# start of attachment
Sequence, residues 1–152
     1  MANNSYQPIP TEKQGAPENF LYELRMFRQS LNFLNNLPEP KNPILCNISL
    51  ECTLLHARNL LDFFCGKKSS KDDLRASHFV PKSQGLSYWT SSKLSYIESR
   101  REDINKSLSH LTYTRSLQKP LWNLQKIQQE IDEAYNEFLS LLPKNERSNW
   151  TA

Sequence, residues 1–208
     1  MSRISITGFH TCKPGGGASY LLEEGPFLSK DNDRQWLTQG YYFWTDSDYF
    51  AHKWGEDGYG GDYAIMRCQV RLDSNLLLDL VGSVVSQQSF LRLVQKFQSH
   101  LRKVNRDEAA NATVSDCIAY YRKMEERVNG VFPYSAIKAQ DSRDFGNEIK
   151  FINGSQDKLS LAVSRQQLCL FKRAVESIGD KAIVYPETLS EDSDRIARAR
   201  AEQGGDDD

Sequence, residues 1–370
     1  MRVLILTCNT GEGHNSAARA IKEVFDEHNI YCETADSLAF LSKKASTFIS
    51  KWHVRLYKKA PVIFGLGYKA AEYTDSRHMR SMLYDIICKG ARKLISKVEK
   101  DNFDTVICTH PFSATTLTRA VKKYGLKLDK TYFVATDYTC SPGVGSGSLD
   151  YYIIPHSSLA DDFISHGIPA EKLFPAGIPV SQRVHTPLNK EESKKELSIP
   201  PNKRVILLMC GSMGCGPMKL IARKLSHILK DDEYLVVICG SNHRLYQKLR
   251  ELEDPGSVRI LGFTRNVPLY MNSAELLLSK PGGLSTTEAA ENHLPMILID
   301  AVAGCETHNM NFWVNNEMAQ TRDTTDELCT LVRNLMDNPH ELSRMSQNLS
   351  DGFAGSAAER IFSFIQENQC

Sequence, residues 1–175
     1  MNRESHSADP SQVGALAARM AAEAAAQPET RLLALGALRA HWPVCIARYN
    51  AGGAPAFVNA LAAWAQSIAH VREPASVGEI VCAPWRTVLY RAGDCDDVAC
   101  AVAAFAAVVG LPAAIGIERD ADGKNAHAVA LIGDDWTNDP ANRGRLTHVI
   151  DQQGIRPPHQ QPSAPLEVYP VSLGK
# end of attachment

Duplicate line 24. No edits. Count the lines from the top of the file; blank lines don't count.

   101  AVAAFAAVVG LPAAIGIERD ADGKNAHAVA LIGDDWTNDP ANRGRLTHVI